Bold Brush Strokes

Inspired by her native Latin American culture, Majo, a contemporary artist now living in Kansas City, paints big and bold

Born in Barranquilla, Colombia, the artist Majo is a vivacious painter with a bold style and a knack for storytelling that she weaves into every piece she creates. A Kansas City transplant, Majo works regularly on collections dedicated to the culture and stories of her native Latin America. We recently sat down with Majo to talk about her art, community and life in the Midwest.

Kansas City Spaces: When did you first come to Kansas City?

Majo: In 2000. My mother said to me, “Why don’t you start exhibiting your work in American galleries?” Up until then I had always done pastels and small pieces. But my mother told me “Paint big.” I went to an art gallery in Leawood. I brought in a large painting—I only wanted the opinion of the gallery owner—but she sold the painting in 15 minutes! I thought, “My husband is going to kill me! He thought I was only going to get it framed!”

KCS: What inspires your art?

M: I take a lot of my inspiration from Latin American culture, especially the people of the Andes. When I was living in Santa Marta, Colombia, I had the opportunity to meet some of the surviving people of the pre-Colombian tribes and see their artwork—pottery making, weaving and intricate metal works in which they weave gold throughout. It inspired me. I took the idea, made it larger, and put in on canvas to create an abstract and contemporary interpretation of Latin American culture. In my family, storytelling and sharing stories are part of what we do. I carry that over into my art.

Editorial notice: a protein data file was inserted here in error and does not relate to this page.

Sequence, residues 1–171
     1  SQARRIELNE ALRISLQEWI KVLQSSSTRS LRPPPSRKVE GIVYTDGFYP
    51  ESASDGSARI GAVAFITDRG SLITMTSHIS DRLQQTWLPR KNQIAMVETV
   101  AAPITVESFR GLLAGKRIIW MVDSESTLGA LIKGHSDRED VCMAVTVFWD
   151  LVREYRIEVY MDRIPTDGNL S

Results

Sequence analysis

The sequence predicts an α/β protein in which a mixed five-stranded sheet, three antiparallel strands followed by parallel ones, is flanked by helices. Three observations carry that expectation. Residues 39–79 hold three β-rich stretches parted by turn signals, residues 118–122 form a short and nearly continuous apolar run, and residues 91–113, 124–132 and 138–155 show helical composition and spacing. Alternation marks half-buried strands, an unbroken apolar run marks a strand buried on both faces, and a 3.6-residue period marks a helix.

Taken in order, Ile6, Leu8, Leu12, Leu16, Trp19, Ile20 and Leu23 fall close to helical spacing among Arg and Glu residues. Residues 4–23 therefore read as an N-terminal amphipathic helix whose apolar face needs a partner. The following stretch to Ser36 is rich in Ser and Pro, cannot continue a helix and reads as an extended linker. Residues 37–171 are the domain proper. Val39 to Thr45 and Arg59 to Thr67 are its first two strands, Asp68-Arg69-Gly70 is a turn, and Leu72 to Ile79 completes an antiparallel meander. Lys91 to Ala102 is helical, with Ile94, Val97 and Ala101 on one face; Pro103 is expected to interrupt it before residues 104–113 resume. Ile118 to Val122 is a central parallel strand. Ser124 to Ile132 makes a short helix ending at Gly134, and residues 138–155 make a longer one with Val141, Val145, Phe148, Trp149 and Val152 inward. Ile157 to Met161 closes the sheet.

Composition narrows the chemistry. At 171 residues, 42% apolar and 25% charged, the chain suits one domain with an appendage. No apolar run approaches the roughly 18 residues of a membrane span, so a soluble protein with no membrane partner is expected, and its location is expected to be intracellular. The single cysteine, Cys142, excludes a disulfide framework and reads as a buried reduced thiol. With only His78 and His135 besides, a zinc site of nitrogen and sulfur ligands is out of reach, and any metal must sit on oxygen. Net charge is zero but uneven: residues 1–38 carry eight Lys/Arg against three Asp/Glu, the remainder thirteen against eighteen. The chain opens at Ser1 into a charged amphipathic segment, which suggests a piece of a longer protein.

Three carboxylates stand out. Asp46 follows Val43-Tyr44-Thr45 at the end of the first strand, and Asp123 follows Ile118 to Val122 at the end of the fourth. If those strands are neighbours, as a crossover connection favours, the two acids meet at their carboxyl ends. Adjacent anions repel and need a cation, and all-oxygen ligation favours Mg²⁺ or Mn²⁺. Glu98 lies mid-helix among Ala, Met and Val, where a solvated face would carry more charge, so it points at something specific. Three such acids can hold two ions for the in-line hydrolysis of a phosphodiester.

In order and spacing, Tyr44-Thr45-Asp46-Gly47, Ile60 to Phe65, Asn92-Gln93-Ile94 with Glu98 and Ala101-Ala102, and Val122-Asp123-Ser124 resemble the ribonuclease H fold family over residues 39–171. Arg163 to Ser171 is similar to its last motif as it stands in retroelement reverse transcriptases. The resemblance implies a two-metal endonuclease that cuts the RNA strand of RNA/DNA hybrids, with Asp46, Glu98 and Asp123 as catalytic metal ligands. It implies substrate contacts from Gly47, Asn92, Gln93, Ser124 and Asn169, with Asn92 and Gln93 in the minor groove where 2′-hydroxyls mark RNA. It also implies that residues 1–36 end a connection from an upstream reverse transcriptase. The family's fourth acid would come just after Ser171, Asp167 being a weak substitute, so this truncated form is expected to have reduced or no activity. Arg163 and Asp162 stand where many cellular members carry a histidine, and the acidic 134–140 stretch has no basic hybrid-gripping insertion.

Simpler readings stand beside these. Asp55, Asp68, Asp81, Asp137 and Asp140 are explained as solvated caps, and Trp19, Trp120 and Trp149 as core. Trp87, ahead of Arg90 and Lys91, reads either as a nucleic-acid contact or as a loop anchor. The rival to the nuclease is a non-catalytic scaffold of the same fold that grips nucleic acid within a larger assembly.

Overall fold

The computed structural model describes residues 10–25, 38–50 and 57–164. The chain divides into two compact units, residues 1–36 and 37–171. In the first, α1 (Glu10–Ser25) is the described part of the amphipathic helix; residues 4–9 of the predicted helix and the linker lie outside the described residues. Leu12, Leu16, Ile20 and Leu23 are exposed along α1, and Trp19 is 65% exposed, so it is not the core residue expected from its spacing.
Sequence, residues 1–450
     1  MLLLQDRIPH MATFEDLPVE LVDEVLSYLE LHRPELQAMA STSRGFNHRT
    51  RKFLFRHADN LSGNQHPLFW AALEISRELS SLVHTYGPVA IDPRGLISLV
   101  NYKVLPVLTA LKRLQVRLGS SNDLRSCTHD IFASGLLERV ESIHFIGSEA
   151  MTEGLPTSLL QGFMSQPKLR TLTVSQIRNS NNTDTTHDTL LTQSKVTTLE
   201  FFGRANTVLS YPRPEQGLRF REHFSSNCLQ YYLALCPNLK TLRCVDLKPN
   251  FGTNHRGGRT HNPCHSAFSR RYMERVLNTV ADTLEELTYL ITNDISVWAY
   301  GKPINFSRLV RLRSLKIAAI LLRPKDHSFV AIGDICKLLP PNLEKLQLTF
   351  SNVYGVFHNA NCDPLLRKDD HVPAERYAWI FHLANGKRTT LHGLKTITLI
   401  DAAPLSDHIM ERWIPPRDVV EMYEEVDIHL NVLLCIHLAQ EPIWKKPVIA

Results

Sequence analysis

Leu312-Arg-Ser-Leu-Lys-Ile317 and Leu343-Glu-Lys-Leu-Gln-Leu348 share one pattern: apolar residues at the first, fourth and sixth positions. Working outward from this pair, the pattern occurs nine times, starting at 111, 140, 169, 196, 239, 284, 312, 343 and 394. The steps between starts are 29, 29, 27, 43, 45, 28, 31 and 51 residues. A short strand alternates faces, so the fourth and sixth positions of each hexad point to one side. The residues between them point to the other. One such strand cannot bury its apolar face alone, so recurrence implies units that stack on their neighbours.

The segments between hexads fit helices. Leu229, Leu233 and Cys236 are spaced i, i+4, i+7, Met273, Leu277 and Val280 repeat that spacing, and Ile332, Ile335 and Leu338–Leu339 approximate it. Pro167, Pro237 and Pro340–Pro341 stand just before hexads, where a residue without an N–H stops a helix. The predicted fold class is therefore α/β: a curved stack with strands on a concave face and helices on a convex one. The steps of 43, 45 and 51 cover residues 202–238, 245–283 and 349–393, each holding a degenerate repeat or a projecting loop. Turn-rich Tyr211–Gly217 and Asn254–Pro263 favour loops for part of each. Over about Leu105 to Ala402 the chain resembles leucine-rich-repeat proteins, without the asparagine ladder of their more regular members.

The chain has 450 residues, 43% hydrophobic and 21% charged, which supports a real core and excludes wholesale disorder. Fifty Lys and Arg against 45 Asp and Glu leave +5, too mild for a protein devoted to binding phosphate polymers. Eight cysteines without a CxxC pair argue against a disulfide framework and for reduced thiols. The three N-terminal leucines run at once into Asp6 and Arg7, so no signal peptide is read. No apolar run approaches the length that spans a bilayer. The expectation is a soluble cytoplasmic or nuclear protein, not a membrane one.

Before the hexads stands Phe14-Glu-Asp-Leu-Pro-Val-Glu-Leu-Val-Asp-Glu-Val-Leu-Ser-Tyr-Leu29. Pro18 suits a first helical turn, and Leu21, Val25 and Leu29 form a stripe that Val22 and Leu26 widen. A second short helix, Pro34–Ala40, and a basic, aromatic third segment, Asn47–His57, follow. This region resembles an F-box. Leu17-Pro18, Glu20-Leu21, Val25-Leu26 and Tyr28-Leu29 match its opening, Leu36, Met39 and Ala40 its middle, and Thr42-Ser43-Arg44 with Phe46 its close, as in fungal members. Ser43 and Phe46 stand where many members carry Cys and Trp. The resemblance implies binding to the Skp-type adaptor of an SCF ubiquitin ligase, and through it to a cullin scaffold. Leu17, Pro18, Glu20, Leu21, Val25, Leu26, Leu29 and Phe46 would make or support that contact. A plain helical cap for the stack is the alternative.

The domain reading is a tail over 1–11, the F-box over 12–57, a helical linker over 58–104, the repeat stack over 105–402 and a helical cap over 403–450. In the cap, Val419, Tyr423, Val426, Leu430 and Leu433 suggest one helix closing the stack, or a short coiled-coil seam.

When I first painted my collection, El Dorado, I thought it would be too dark, too bold, too Latin American for Kansas and Missouri. But people absolutely loved it! After that I realized I can tell the stories about who I am and share my passion about where I come from, because when that passion comes through in my painting, people appreciate it and, even if they’re from the Midwest, they can relate to the story.

KCS: What has been your favorite part about living in the Kansas City area?

M: To me so far, the people in the Midwest have been amazing. I run into so many people that have my paintings, and when I meet them, they always tell me their stories and share their reactions about my art. The stories they tell me, I call it the last brush stroke. It’s the finishing of the painting.

KCS: Giving back to the community seems important to you. Care to elaborate?

M: I think all artists have the power to help people through our art. I realized there is a need out there, so I decided to start donating food each time I finish a painting. A couple of months ago I began supporting a local food pantry at Bishop Sullivan Center, which provides groceries to in-need Kansas City families each month. This past year I was also honored to have my art featured on cell-phone cases with Red Dirt. Every time a case is sold, $5 goes to water.org, which helps to provide clean water to those around the world that need it. It’s a great feeling, when I’m painting, to know that food will be provided to a family, or to know that my art is helping to supply clean water to someone in the world.

I have also become involved with Medical Missions Foundation. This past February I was their featured artist at their fundraising event “Art for the Children.” I created a painting inspired by the work that Medical Missions does to save and change the lives of children around the world.

KCS: What are your plans for 2015?

M: This year I am going to complete Muses and Warriors, my most ambitious and hardest collection ever. It will be dedicated to women who have been a source of inspiration throughout history and during my own time. For example, Malala Yousafzai is someone whom I admire for her passion and strength to fight for others. For most women, the right to have an education is something we are born with; but for her, fighting for this right almost cost Malala her life.


Majo’s art is available at the Eva Reynolds Gallery in Leawood.

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